Our front page story on Thursday made for some disturbing reading.
The headline: Assault victim issues warning. The story: Phil Surridge is warning people not to walk alone at night.
Really? Can this be right?
Evidently it is. Phil's an ordinary bloke, who by his account was walking to a taxi in downtown Timaru at 1am on Sunday. He came across four blokes, and one of them clocked him. Seemingly for no reason.
On its own this isn't necessarily a big deal (unless you're Phil). There have been fisticuffs between males ever since testosterone was added to their bodies. But the lack of a motive is a sign of modern times.
What's with that? Maybe it's a gang initiation thing, or peer pressure from mates, or the influence of overseas movies, music videos or games, or a general lack of respect. Certainly it's something that wasn't as evident when I was growing up.
A story like this 30 years ago would have been unheard of. Oh hang on, we had gang problems in Timaru back then. But still, if there was a beating, it wasn't random. There was history between the parties. Ordinary people felt like they could still walk the streets at night at the weekend. Even alone.
But like Phil, I'd hesitate to do that now.
The situation was reinforced by local police boss Dave Gaskin. In the last two months there have been about 35 assaults in public places in the Mid South Canterbury area, which includes Timaru and Ashburton.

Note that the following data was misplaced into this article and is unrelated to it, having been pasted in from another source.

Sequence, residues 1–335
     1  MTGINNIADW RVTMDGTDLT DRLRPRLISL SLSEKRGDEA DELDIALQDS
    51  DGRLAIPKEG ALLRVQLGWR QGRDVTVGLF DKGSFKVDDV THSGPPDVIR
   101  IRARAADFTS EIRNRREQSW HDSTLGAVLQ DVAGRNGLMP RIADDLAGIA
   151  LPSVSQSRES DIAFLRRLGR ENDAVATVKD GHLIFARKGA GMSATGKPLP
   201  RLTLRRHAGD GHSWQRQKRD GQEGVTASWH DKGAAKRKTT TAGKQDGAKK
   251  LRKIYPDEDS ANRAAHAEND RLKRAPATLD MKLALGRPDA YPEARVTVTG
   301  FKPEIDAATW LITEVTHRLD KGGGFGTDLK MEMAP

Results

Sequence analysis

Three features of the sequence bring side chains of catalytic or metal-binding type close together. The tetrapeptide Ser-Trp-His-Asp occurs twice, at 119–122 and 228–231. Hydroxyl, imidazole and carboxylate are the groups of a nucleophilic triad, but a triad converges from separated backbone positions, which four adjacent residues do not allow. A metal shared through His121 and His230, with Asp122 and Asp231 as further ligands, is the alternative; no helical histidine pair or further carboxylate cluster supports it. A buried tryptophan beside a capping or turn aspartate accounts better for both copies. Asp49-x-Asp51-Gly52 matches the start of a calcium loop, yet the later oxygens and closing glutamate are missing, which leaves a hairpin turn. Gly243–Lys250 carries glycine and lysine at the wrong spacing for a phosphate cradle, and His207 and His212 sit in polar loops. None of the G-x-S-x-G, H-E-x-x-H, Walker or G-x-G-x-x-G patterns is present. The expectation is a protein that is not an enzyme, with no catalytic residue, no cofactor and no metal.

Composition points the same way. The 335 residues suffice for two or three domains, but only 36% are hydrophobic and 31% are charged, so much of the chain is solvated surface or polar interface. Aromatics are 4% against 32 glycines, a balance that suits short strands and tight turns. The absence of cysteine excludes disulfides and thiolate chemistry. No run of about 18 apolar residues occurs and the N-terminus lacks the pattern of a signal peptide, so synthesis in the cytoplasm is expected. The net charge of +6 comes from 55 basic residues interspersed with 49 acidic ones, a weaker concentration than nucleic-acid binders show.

Thirty-five. That sounds like a lot to me. And that's just the ones the police know about. How many others have there been?
I'm not sure what the answer is here but staying home shouldn't have to be one of them.
Mr Gaskin says alcohol is a significant factor, and the latest liquor laws will give local councils more power over pub opening hours and number of outlets.
That's not the real problem though, and I don't envy publicans the task of monitoring every drink every patron has, even though the law says they should.
The real problem is the attitude of the perpetrators.
Aside from arresting them and dealing with them through the courts, there's not much else individuals can do.
Except stop being individuals at night, and have others around you.
That's a sad indictment on towns the size of ours.
- © Fairfax NZ News